Pay up on old parking tickets or risk your state tax refund
By Bob Okon firstname.lastname@example.org February 7, 2012 6:48PM
Joliet parking meters may become debit-card friendly. | File photo
Updated: March 9, 2012 8:16AM
JOLIET — The money you owe on old city parking tickets could be taken out of your next state income tax refund.
The Joliet City Council this week signed up for the Local Debt Recovery Program that became law in December.
Basically, the program allows the state comptroller’s office to dip into income tax refunds, taking out money owed on unpaid parking tickets, water bills and other debts owed to local governments.
“A lot of it is very difficult to collect,” said Joliet budget director Kenneth Mihelich. “Right now, we’re just going to start with parking tickets.”
Even so, Joliet is looking to collect $100,000 in the first year of the program. That’s roughly 20 percent of all debts owed to the city, Milhelich said. The city probably will target parking tickets as old as 10 years.
“Most of these have been sent to collections,” Mihelich said.
The city has gone to certain lengths to collect the owed money. A few years back, Joliet would tow cars owned by parking-ticket scofflaws. At some point, however, the costs of collecting can exceed the debt, Mihelich said.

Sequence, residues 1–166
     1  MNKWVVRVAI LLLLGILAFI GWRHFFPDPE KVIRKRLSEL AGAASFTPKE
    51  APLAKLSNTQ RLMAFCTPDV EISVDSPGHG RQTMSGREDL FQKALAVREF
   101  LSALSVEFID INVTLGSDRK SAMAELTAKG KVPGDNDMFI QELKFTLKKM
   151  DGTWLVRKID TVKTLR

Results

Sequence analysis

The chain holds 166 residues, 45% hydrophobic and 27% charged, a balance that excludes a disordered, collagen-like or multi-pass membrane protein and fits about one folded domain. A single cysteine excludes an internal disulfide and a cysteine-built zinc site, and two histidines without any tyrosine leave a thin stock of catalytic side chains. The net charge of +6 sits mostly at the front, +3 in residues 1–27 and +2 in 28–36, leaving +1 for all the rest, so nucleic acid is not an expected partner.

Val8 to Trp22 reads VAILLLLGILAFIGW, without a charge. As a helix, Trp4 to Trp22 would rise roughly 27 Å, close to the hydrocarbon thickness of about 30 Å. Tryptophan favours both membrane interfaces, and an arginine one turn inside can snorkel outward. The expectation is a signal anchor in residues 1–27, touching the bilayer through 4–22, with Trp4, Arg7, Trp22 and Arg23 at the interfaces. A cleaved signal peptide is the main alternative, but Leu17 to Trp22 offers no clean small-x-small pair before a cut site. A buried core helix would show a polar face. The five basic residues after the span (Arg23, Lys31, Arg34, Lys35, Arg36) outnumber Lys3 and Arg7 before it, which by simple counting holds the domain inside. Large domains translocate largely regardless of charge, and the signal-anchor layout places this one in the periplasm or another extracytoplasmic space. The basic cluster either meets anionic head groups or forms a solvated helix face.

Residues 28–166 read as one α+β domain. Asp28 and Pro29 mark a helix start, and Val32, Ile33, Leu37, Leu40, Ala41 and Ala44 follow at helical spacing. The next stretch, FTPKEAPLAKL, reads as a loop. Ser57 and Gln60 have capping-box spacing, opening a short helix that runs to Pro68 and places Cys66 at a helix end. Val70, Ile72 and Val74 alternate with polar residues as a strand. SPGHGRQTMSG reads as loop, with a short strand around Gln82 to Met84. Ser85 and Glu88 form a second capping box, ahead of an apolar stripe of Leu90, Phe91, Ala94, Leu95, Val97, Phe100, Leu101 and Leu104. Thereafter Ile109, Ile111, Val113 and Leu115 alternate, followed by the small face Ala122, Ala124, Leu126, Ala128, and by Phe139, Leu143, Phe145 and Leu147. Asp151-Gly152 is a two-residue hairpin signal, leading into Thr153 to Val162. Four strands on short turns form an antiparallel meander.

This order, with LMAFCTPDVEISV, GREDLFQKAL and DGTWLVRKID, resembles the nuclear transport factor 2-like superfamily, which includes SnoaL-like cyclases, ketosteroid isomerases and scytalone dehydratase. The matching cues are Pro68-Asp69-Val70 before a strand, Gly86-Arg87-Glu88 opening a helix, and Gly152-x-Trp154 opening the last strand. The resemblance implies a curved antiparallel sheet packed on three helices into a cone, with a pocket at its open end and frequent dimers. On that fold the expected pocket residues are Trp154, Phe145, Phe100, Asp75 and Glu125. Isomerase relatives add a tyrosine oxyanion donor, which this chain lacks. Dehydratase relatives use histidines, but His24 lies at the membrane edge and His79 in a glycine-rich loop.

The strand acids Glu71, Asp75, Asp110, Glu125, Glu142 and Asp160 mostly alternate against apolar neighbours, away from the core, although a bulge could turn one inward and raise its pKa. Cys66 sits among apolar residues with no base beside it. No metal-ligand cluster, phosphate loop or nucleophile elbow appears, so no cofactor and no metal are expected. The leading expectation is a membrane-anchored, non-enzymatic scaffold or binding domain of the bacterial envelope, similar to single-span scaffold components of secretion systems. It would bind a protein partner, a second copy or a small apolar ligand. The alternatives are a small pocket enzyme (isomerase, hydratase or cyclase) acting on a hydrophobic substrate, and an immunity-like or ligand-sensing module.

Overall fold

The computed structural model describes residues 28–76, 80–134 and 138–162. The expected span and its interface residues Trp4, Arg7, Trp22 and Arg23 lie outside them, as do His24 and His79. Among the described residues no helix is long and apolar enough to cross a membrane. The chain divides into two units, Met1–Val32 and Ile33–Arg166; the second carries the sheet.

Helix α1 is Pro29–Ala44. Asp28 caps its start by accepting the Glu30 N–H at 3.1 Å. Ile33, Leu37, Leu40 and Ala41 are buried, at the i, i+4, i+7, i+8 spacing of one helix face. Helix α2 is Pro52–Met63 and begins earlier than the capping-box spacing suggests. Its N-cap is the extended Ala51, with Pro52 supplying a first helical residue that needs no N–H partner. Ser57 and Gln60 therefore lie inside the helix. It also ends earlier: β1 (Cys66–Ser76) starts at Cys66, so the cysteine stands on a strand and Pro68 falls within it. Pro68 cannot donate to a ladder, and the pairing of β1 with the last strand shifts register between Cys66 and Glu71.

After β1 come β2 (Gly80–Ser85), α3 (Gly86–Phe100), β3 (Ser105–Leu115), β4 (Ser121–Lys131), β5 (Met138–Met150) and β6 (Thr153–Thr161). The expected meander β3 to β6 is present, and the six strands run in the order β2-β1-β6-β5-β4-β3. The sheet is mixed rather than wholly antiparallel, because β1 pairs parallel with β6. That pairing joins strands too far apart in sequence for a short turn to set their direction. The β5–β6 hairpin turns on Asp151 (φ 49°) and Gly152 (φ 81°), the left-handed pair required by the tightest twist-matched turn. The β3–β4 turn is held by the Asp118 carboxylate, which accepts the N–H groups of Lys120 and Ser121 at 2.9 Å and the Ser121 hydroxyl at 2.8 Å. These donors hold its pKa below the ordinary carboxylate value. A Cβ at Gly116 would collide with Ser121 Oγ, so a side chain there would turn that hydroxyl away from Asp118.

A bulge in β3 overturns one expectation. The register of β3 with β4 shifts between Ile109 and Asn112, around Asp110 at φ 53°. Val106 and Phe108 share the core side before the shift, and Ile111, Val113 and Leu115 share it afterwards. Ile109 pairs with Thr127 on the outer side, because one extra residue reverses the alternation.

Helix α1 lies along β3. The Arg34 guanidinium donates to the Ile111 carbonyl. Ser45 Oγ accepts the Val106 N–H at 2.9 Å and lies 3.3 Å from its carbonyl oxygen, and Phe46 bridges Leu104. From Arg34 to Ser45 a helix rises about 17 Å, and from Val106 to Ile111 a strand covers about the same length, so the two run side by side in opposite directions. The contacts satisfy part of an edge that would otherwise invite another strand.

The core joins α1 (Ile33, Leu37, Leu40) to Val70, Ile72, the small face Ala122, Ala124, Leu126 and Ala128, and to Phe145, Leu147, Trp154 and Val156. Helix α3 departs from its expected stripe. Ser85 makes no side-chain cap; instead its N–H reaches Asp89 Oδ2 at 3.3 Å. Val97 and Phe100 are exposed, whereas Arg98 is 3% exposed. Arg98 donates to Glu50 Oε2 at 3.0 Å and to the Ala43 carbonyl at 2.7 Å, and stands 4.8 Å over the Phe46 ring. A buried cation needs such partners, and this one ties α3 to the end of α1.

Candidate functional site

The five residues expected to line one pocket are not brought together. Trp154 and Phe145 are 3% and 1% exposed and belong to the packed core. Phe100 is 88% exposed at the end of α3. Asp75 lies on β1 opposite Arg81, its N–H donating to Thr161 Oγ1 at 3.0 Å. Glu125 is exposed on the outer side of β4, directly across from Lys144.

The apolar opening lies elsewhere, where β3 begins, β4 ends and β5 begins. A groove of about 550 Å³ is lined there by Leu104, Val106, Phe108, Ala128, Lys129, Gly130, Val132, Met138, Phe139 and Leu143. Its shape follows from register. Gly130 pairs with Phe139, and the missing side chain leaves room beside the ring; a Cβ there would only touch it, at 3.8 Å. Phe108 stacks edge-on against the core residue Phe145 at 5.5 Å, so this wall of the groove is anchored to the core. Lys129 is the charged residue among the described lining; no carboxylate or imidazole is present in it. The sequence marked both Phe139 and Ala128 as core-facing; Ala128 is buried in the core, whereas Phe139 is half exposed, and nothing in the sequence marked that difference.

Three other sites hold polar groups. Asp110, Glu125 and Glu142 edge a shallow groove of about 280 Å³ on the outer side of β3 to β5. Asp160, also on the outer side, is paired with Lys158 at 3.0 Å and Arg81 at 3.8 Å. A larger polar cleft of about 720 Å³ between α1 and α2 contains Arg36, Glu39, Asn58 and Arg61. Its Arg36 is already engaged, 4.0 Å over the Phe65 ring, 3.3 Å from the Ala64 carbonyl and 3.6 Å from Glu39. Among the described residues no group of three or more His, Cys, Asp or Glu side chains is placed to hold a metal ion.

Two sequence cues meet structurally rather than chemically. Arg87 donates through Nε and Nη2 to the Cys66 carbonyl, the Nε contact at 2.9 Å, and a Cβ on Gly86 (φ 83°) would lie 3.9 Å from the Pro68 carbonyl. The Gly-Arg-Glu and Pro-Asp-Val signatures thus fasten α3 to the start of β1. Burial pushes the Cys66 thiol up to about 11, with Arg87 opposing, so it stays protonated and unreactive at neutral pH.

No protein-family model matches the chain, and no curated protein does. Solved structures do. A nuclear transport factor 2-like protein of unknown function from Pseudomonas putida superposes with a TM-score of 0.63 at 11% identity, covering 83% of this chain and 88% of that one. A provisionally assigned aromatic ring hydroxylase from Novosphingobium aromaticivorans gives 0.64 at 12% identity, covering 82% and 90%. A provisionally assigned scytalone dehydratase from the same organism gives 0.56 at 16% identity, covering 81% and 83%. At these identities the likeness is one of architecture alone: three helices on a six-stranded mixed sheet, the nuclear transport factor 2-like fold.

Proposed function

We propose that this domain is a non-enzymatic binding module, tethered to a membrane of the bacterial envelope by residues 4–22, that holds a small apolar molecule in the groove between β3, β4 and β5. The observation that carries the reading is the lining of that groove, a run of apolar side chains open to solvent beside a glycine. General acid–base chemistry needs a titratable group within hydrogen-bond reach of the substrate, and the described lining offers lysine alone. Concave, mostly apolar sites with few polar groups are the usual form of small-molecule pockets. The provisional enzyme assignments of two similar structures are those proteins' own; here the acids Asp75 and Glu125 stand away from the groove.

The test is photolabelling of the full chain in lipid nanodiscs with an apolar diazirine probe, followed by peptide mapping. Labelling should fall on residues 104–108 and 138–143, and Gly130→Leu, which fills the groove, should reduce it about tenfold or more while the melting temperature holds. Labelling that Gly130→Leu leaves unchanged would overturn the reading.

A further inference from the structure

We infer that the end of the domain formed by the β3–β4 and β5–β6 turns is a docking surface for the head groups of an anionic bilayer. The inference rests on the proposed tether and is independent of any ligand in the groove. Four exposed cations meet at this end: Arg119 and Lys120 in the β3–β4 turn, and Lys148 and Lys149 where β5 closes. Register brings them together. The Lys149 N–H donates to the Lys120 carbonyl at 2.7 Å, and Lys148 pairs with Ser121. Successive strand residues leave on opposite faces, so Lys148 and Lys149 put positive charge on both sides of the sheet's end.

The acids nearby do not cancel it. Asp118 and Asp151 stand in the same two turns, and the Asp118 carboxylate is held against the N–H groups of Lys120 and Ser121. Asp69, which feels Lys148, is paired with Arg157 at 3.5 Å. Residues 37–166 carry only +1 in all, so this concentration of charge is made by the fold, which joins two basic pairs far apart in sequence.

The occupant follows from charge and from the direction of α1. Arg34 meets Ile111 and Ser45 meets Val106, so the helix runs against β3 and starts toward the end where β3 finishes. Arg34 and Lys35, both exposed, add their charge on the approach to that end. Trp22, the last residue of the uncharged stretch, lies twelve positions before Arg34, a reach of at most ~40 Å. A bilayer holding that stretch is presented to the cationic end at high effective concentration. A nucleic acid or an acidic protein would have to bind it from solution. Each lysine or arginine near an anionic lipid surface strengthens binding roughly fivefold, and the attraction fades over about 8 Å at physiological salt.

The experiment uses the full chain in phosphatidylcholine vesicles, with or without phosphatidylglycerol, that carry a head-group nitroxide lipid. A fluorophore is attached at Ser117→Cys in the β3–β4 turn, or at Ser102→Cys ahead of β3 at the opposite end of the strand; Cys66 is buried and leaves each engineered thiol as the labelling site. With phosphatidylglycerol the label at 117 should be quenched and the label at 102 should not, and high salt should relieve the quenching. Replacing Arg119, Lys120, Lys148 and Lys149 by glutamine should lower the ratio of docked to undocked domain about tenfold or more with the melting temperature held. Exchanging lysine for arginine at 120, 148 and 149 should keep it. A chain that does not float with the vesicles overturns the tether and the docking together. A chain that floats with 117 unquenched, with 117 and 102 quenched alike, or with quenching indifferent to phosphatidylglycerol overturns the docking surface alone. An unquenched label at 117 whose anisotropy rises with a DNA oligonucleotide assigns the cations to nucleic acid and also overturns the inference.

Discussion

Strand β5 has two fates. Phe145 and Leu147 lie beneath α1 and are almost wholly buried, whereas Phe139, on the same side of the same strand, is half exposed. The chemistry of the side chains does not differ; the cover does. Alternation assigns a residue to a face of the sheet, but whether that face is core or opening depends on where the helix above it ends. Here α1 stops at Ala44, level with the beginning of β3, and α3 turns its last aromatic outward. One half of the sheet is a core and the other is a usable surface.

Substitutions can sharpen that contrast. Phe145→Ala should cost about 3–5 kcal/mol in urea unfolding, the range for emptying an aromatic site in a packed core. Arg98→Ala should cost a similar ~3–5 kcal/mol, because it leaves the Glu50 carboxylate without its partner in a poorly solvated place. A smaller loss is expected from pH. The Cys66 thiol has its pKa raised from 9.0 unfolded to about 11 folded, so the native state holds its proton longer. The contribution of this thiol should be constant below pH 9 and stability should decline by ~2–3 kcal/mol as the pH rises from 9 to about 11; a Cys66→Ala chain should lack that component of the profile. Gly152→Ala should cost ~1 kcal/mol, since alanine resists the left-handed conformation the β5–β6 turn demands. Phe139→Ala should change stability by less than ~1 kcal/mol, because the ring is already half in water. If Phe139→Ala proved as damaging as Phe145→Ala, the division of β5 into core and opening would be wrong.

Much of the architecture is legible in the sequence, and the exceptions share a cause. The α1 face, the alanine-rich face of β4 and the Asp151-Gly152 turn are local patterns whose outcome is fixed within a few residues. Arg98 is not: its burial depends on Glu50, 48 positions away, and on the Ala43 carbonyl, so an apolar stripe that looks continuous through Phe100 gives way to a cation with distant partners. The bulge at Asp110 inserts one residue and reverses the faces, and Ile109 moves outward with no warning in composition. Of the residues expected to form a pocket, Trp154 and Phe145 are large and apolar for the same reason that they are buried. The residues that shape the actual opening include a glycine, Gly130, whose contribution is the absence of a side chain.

The Local Debt Recovery Program is a low-cost alternative.
Money can come out of other state checks, not just tax refunds. The program allows the state to deduct money from lottery payouts, state workers’ paychecks and vendor payments to contractors who do work for the state. But, Joliet expects about 80 percent of the revenue it gets will come out of income tax refunds.
The program is so new that Joliet is among the first local governments to sign up. Others, according to the comptroller’s office, are Chicago, Springfield, Collinsville, Sangamon County and Lake Land College in Mattoon.
It’s a good way for local communities to collect money due, said Brad Hahn, a spokesman with the comptroller’s office.
“We have been reaching out to communities across the state, and, as word spreads, we are hearing from them,” Hahn said.
There are two state payments money won’t be pulled from, Hahn said: Circuit Breaker payments used to help seniors pay property taxes and prescription medicines; and money from the state’s prepaid college tuition program.
People will get a notice when money is pulled from their checks. The money is put into an escrow account to give the debtor an opportunity to contest the debt.
But if the debtor has to pay, there’s a charge on top of the money owed. An additional $15 fee covers the costs of administering the program.